Can Trump reverse or even dent this long-term evisceration of “America”? The short answer is no. So far, his policies have only hastened this evisceration, accelerating the upward redistribution of income and amplifying the de-Americanization of U.S. corporations. During his three years in office, the share of foreign profit, instead of falling, has risen dramatically (final red segment in the top series of Figure 4). Based on his record, it is no wonder that the U.S. “business community”, and particularly its leading firms, are firmly behind him.


The only hair in the soup is his so-called trade war against China (Bichler and Nitzan 2018). On the face of it, this “war” looks like a flash-in-the-pan media stunt. China is unlikely to succumb in any meaningful way – and even if it does, exports are a sideshow for U.S. corporations (bottom series in Figure 4), so the overall impact on the global profit share of U.S. firms is likely to be marginal.


But international trade is not an isolated process. The “free” (read corporate-determined) flow of commodities is the bedrock of “free” (read corporate-determined) foreign investment, and if Trump’s trade war develops into a full-scale investment war, all bets will be off. At that point, and assuming he is still there, the maker of a great-again-America will likely be pressured to reverse course or lose the presidency.




[1] Shimshon Bichler and Jonathan Nitzan teach political economy at colleges and universities in Israel and Canada, respectively. All of their publications are available for free on The Bichler & Nitzan Archives ( An earlier version of this article was posted as a Research Note (Bichler and Nitzan 2019). Research for this paper was partly supported by the SSHRC.


[2] The increasing disconnect between the conventional nationalist/statist categories of political economy and the transnational/global reality of accumulation is examined in Nitzan and Bichler (2006) and illustrated in the remainder of the present article.


[3] Yardeni and Johnson (2019: Figures 26-27, p. 14) show a similarly positive correlation between NIPA and S&P 500 profit, but unlike our Datastream/NIPA ratio, which trends upward, their S&P 500/NIPA ratio oscillates around a horizontal trend (averaging 0.5). One possible reason for this difference is that the number of firms in the S&P 500 is fixed (at 500), while the number of firms in the Datastream universe is rising. For an earlier comparison between S&P 500 and NIPA profit data, see Petrick (2001).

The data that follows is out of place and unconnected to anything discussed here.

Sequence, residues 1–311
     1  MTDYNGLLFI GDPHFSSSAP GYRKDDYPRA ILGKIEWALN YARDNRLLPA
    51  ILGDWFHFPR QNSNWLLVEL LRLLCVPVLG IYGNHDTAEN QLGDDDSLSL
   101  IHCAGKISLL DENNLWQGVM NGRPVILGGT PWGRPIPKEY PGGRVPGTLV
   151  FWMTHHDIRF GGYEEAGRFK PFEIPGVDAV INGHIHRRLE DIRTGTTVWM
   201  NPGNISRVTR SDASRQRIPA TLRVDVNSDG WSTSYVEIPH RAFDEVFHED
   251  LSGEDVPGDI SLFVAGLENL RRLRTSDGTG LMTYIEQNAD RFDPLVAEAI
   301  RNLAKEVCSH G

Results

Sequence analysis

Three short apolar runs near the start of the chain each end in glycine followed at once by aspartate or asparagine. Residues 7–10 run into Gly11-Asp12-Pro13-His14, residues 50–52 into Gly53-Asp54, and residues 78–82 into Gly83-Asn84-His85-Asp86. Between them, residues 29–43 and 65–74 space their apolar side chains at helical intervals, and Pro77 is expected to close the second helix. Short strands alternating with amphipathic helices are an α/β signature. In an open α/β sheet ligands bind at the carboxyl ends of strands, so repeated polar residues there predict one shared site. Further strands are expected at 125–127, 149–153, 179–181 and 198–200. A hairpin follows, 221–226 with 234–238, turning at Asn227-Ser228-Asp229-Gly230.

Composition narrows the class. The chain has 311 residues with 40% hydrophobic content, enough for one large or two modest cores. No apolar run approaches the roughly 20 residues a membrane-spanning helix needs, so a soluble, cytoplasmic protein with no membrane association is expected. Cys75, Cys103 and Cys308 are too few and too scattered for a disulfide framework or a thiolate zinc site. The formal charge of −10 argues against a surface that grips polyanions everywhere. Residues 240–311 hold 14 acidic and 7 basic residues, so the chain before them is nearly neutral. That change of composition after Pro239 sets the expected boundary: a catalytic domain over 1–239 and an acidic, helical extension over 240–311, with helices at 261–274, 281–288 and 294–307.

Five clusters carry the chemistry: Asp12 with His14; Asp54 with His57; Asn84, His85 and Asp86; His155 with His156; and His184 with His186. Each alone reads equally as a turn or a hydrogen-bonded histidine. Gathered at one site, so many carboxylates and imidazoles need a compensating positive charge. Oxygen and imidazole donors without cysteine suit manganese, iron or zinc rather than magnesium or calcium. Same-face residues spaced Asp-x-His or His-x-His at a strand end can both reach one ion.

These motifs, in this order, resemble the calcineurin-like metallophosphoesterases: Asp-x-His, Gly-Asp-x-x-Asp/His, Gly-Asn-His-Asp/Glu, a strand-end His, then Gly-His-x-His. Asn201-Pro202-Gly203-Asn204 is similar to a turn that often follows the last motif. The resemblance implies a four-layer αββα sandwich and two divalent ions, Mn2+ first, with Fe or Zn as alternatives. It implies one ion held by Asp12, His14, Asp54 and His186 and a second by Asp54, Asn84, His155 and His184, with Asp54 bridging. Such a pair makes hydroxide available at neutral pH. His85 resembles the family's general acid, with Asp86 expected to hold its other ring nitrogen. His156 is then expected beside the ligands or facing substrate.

[4] The number of top 0.01 per cent firms increased from 271 in 1950 to 604 in 2010.


[5] These diverging tendencies seem to contradict the popular varieties-of-capitalism wisdom (Hall and Soskice 2001). According to the “varieties” approach, we can distinguish between two modes of corporate governance: the liberal market economies model (LME) were firms tend to rely on the stock market, and the coordinated market economies model (CME) where corporate funds are often raised through credit and fixed-income instruments. The data here, though, seem to suggest convergence. All capitalist countries move toward a growing reliance on market capitalization, only that their starting point and pace of change differ. The developed Anglo-Saxon countries, like the United States and the United Kingdom, were leading the pack and were therefore the first to reach “maturity” with a few thousand firms capitalizing most of the profit. The developed non Anglo-Saxon countries, such as Germany and Japan, started later and are still catching up. And the so-called emerging markets are the laggers who just began to capitalize and still have plenty of grounds to cover before reaching their asymptote. For more on this staggered capitalization process, see Nitzan (1996).




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Bichler, Shimshon and Jonathan Nitzan (2019) “Making America great again.real-world economics review, issue no. 90, 9 December, pp. 2-12,